The classroom is not the only place at the University of Pennsylvania where a student can learn a language.
Gregory College Houseâs residential modern languages program offers five âlanguage housesâ where students can enjoy new cultural experiences and improve their language proficiency.
The offerings are Chinese, French, German, Spanish and Arabic. Residents may enroll in the program for a half-credit per semester; however, many take it just for fun.
Participants in âArabic Houseâ range from beginners to students whoâve taken the language in class.
About a dozen students gather in the Class of 1925 buildingâs greenhouse twice a week to have conversations in Arabic. The topics they cover include news events, politics, pop culture and life on campus. The group is led by Gregory House graduate associate Omar Al-Ghazzi, a native Arabic speaker.
âItâs an informal conversation that just flows,â says Al-Ghazzi.
The groupâs activities during the year also include watching Arabic movies and enjoying Middle Eastern food at Philadelphia restaurants, where they get to experience even more of the culture.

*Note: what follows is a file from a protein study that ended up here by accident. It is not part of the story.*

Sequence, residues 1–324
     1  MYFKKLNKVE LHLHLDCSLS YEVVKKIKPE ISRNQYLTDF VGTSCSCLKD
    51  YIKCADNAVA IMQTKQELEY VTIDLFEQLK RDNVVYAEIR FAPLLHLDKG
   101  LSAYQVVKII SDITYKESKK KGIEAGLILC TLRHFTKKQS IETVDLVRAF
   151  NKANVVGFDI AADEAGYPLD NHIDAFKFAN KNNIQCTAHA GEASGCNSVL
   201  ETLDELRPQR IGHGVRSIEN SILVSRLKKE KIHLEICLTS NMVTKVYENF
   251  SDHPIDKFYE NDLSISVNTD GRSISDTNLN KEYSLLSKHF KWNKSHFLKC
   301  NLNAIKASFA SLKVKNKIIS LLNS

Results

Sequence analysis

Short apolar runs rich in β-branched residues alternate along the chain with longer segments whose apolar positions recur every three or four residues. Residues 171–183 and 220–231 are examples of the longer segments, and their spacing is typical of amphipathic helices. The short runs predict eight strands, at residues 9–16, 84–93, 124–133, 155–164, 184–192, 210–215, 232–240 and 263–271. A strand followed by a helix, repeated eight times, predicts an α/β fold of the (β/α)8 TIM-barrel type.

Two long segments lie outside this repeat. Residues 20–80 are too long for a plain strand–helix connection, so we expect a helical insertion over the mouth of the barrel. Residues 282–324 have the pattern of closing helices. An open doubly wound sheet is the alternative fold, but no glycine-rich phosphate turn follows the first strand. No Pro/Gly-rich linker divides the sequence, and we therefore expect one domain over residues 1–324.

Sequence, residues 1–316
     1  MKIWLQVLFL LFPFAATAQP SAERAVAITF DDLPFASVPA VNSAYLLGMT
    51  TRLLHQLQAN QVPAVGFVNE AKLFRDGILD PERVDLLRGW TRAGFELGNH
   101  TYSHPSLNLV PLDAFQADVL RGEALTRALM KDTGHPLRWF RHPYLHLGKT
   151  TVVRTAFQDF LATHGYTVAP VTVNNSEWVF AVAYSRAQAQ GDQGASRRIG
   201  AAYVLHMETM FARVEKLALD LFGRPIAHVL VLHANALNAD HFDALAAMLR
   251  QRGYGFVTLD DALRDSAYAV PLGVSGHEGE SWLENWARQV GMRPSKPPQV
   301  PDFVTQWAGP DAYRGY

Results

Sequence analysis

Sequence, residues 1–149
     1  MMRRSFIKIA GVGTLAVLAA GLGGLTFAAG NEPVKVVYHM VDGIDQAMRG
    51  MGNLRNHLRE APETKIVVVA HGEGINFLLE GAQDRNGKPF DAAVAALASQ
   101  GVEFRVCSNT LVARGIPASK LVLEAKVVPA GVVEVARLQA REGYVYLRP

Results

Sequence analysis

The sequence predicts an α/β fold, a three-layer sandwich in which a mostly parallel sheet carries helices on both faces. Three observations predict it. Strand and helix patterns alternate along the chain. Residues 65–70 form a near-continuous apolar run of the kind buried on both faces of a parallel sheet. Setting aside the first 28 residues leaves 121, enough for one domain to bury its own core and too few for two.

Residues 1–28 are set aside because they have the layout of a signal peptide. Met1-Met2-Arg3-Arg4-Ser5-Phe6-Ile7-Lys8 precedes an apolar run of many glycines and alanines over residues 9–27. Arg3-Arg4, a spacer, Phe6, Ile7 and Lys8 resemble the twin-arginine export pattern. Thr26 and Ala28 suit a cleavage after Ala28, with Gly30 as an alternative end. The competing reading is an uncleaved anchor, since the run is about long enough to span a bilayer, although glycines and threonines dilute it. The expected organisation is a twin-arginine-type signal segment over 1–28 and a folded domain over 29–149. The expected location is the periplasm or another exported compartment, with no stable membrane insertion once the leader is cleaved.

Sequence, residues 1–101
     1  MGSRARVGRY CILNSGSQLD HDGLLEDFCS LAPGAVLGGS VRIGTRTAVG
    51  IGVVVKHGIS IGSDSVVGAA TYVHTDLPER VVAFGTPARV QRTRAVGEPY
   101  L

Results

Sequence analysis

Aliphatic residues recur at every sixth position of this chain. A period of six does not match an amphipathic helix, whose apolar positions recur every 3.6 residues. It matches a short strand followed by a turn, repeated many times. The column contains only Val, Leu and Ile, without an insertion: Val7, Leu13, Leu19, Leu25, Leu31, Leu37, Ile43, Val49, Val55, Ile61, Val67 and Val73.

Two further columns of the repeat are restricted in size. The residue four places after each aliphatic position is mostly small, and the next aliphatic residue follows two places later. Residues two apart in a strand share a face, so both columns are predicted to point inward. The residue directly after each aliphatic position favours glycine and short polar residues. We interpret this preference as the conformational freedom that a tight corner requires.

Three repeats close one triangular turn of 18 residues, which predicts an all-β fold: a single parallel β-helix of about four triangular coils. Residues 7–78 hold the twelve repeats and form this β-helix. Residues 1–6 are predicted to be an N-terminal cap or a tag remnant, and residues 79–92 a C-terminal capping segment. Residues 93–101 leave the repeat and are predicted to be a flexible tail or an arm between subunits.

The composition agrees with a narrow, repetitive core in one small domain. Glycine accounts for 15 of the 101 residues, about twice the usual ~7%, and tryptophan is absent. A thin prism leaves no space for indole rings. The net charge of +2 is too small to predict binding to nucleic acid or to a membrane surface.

Jonathan Korn, a senior economics major in the School of Arts & Sciences from Miami, has been participating in Arab House since freshman year. He has taken several Arabic classes and attends the Arab House sessions to sharpen his language skills.
âArabic classes only go up to a certain level,â says Korn. âI wanted to find a way to keep myself going through some program.â
The gatherings are a laid-back and fun way to learn a language.
âOften people will stop and say, âWhat was that word?,ââ says Korn. âOr, âWhat does it mean?â Or, someone will ask, âHow do you say this word in Arabic?ââ
There are times when they must use a word or two in English because there isnât an equivalent in Arabic.
âWhen weâre talking about Spring Fling, you canât literally translate it into Arabic,â says Korn. âWeâll just throw in the English phrase.â
Korn says he has made his Syrian grandmother very proud by speaking Arabic with her.
âSince Iâve studied more formal Arabic, sometimes, sheâll say I havenât heard that word in years. It sounds very pretty.â
Al-Ghazzi, who grew up in Syria and Lebanon, is a doctoral candidate in the Annenberg School for Communication. His academic research examines expressions of collective memory in the Arab uprisings. He says his doctoral studies go hand in hand with leading the Gregory House program.
âIt makes running the classes easier because it is communication-based,â says Al-Ghazzi. âStudents are always asking about current affairs in the Middle East.â
Pennâs College House system also offers residents opportunities for engagement in activities that range from music lessons and cooking classes to discussion groups on current affairs.